First install the  VC11 Visual C++ Redistributable for Visual Studio 2012, then download and extract the Apache web server. The extracted folder contains a folder named Apache24, copy this where you want Apache to reside. I’ll have it under the following path: C:/Software/Apache24.

Next, we need to register Apache as a service. In your command line (open it as an Administrator) navigate to the bin directory of your Apache installation. In my case it is: C:/Software/Apache24/bin, and issue the following command:

httpd -k install

The -k option tell Apache to start the service immediately after installing it. If the installation is successful, you will recieve an output similar to the following:

Installing the Apache2.4 service
The Apache2.4 service is successfully installed.
Testing httpd.conf....
Errors reported here must be corrected before the service can be started.
httpd: Syntax error on line 37 of C:/Software/Apache24/conf/httpd.conf: ServerRoot must be a valid directory

As you can see it notifies you that the ServerRoot must be a valid directory. This is because by default the configuration specifies c:/Apache24 as the Apache installation directory. Open the httpd.conf file in your conf directory and replace all occurrences of c:/Apache24 with the path to your actual installation directory.

Run the services.msc command to see if Apache is really installed. You should see Apache2.4 in the list of services. Apache service installed


Remember that we recieved an error when we installed it so it couldn’t start then. Right click on the Apache service and start it.

Type localhost or in your browser and you should see a blank page with an “It works!” message. This HTML page is located in the htdocs directory. It is served by the Apache web server, so it works correctly. Although, currently it is only capable of serving static content.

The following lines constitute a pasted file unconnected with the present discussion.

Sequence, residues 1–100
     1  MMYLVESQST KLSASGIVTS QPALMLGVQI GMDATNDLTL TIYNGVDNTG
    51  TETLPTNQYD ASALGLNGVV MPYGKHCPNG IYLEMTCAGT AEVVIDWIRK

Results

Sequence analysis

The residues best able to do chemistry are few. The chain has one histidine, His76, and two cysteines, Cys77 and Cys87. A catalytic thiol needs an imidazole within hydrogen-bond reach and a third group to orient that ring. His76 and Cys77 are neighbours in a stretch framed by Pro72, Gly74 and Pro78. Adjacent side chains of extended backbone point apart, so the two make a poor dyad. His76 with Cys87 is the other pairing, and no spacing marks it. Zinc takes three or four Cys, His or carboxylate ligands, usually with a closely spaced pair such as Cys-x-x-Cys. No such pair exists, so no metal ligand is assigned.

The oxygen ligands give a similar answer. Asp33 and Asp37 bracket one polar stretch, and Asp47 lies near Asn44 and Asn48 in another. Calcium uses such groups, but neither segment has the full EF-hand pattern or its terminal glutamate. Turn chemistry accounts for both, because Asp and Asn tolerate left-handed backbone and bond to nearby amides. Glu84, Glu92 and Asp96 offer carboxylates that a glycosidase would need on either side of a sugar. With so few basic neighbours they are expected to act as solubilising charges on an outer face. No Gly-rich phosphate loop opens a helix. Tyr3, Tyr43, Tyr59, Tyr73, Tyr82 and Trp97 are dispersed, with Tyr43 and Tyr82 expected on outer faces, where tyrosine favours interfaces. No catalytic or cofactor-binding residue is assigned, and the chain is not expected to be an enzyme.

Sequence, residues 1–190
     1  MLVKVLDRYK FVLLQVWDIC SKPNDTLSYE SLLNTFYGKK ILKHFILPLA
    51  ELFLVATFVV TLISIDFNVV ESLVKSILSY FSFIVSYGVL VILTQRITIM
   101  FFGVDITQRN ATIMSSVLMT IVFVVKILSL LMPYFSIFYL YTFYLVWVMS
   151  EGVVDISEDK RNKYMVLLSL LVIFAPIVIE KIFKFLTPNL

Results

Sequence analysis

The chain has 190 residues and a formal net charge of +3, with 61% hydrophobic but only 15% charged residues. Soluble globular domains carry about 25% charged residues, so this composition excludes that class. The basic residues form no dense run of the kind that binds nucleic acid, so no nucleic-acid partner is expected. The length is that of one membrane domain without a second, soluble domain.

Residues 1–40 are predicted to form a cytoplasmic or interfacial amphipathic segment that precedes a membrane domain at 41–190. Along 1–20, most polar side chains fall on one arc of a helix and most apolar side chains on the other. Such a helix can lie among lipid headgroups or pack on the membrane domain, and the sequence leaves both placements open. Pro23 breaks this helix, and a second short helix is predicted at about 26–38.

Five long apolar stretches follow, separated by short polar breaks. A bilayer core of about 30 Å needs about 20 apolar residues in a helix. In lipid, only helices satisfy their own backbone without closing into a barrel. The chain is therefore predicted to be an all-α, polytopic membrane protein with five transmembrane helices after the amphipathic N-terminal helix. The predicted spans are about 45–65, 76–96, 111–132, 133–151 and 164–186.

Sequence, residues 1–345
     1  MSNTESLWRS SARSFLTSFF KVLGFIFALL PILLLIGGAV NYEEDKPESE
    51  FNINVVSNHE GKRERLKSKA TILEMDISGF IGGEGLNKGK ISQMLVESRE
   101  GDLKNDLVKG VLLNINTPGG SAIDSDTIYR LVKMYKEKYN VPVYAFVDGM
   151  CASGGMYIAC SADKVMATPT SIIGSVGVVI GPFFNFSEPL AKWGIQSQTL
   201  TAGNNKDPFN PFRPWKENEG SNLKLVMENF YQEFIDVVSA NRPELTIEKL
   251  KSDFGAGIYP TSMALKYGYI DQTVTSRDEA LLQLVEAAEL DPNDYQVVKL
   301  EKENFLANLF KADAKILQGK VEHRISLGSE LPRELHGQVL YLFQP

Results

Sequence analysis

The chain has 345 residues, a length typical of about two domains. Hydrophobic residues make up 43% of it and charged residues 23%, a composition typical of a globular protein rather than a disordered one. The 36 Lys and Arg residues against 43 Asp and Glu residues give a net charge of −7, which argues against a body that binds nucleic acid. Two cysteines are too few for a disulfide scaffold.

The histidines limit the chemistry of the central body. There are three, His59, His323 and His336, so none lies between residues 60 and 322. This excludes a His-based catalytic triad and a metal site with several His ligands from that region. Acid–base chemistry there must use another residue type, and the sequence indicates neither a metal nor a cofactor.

Installing PHP

You can download PHP for Windows from this site: Choose the latest 5.4 thread safe version that is available. At the time of writing the latest 5.4 release is 5.4.30. I know that 5.5 has been around for a long time, but I have come across a couple of hosting providers where the highest available version is 5.4 so for compatibility reasons I am sticking with that.

Download PHP, extract it, and move it to the desired location. I moved PHP to the C:/Software/php-5.4.30 directory. In the root of this directory find the php.ini-development file and rename it to php.ini, this will contain the configuration of PHP.

The next thing to do is to enable Apache the serving of PHP pages. For this, add the following lines to the end of your httpd.conf file:

#Configure the PHP module
LoadModule php5_module "C:/Software/php-5.4.30/php5apache2_4.dll"
AddHandler application/x-httpd-php .php

#Configure the path to php.ini
PHPIniDir "C:/Software/php-5.4.30"

Change the paths according to the directory structure you have. Apache needs a module to support PHP pages, this is why we load php5apache2_4.dll, it is in the root of your PHP installation directory.

If you don’t find the dll, then you probably donwloaded the not thread safe version of PHP.

While we are at it, we  configure Apache to use index.html and index.php as welcome pages. This means that if you point your browser to a directory that contains one of these files, Apache will automatically display it rather then showing the directory structure. This requires the following config:

DirectoryIndex index.html index.php